It's been a continuing source of annoyance -- the desktop iMac has the same processor as the portable MacBook line. That creates a technical dilemma, especially for those eager to replace an old PowerMac tower with a more powerful desktop. It's high time Apple stopped worrying about the Mac Pro cannibalization -- if it hasn't already -- and ship the iMac with a quad core CPU.
On Monday, analyst Shaw Wu with Kaufman Bros. surmised that Apple has been ready to ship a quad core iMac but that there are several considerations holding them back. The first, according to Mr. Wu, is concern about cannibalization of Mac Pro sales, the second is a cooling capacity issue for the current design and the third is the concurrent timing of Snow Leopard.
In terms of the Mac Pro, it's hard to believe that Apple would seriously think that a consumer looks at just the number of cores as the discriminator between the two: Mac Pro and iMac. The Mac Pro is a monster: heavy, capable of heavy duty graphics work, thanks to its extra slots, and also has massive internal storage. Customers know this, and those who want to buy an iMac simply want the post powerful desktop they can get -- as they watch both Hewlett Packard and Dell move to quad core.
So for Apple to be concerned suggests either very poor marketing or other internal considerations that end up adversely affecting the average customer. Mr. Wu may be barking up the wrong tree here.
I don't believe that the timing for Snow Leopard really influences most users. If they have a quad core iMac now, they'll be happy to upgrade to Snow Leopard when it ships and take advantage of Grand Central and OpenCL later. The upgrade just reinforces the idea that the customer is getting a "whole new Mac," and we've seen Apple take that marketing approach before.
Also customers typically have a more urgent reason to upgrade their hardware than OS - an old system is typically failing. As for OS releases, they tend to take their time, relatively speaking. Snow Leopard could be delayed by last minute issues. Holding back on quad core hardware based on a self imposed, and possibly missed date for Snow Leopard is a questionable practice.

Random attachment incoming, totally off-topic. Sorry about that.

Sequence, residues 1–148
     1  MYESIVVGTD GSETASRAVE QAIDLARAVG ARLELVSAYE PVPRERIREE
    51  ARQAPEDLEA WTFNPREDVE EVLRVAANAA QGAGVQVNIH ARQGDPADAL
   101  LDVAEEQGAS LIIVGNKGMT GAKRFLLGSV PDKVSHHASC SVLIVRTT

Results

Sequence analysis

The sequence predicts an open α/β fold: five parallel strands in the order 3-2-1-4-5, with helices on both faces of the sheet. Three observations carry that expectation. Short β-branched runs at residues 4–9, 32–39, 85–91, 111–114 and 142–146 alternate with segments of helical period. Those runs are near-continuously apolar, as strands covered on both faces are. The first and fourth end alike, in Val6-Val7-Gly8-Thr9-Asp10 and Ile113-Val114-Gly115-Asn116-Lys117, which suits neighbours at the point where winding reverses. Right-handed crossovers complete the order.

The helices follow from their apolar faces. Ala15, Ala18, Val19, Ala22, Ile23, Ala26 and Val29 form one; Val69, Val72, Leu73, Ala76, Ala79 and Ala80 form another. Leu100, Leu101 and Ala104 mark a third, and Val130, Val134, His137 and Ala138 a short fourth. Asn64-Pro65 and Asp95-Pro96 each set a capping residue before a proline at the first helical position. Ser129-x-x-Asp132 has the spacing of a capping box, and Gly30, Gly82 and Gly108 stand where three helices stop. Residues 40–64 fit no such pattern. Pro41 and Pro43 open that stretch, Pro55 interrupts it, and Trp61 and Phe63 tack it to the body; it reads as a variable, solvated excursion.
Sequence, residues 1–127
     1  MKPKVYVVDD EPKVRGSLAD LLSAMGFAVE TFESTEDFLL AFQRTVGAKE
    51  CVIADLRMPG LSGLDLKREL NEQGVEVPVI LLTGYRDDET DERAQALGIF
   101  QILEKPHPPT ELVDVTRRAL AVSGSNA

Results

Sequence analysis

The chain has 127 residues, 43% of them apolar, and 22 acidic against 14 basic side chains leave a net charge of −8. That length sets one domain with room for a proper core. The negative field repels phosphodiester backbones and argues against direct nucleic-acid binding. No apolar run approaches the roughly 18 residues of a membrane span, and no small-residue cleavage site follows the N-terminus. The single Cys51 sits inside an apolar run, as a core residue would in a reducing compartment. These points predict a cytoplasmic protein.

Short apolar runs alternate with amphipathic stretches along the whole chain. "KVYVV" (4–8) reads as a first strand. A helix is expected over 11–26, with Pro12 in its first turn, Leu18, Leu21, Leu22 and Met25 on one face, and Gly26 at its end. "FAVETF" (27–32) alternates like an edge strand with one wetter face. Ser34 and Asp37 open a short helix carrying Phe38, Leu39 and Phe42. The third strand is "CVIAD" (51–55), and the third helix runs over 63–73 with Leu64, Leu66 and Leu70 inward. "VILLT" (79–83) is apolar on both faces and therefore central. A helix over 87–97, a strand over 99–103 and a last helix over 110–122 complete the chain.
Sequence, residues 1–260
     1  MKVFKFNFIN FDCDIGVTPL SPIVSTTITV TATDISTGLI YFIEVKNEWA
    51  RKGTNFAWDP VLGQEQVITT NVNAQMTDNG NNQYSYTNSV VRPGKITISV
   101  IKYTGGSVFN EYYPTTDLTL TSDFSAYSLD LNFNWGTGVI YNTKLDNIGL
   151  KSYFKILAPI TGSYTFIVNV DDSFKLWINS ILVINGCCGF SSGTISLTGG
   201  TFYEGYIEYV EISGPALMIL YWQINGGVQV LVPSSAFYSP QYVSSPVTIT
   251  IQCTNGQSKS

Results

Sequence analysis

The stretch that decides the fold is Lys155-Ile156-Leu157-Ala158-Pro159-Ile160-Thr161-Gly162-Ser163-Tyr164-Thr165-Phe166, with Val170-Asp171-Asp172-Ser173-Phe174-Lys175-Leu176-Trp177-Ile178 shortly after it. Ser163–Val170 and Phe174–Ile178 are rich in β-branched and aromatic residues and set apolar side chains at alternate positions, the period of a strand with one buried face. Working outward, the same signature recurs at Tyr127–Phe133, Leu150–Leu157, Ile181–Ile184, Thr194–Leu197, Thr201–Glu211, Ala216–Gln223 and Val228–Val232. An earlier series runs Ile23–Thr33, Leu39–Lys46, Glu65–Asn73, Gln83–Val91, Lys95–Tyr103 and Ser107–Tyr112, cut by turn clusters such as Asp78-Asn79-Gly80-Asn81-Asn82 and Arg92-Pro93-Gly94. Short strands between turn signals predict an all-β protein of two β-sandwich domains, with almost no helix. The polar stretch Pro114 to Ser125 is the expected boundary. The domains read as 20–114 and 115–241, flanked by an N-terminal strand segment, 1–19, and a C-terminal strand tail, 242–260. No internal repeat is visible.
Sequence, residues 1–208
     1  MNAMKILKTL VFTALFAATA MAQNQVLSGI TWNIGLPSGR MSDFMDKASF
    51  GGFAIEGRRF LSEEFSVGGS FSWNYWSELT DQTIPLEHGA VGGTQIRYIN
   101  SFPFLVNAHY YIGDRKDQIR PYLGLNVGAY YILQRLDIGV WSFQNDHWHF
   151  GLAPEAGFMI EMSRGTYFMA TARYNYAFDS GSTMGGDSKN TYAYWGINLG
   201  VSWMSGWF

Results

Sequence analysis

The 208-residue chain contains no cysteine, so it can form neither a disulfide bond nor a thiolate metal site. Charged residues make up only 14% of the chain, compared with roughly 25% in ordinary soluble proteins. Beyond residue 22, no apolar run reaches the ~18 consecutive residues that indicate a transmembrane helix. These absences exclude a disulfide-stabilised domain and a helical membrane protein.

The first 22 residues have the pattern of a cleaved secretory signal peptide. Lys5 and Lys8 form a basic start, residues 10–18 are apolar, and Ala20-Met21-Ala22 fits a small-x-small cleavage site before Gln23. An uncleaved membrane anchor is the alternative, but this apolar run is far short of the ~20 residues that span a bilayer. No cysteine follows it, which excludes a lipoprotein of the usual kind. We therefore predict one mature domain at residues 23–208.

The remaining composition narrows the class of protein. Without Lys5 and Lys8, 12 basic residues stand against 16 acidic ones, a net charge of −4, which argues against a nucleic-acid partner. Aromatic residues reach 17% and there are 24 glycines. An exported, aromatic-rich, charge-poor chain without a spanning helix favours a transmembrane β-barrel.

A delay is certainly justified if Apple can't figure out how to properly cool a quad core iMac in the current platform design. Then a more powerful Core 2 Duo (or i7) is justified -- as Shaw Wu suggested in his report. Even so, Apple is going to have to move to quad core on the desktop at some point. It's better for Apple to solve that heat problem now and compete with itself rather than allow someone else.
Apple has never been shy about dictating what it believes to be good technical choices. While current disk drives can't even exploit FW800 let alone FW S3200, and eSATA is a one-trick pony, there are mature technologies that Apple customers seem to get partitioned away from, for example, FW400 on the new MacBooks, Blu-ray, HDMI*, quad core iMacs, Wireless USB, storage media slots and 3G wireless built into notebooks. While Apple can't be all things to all people, it is reasonable to ask why Apple both demands a premium for a high end brand and simultaneously holds back some mature or maturing technologies for ideological reasons.
Quad core on the desktop is an idea whose time has come, for both technical and competitive reasons. I hope Apple makes that decision sooner rather than later.
* It's going to be expensive, at first, for Apple customers to convert DisplayPort to HDMI.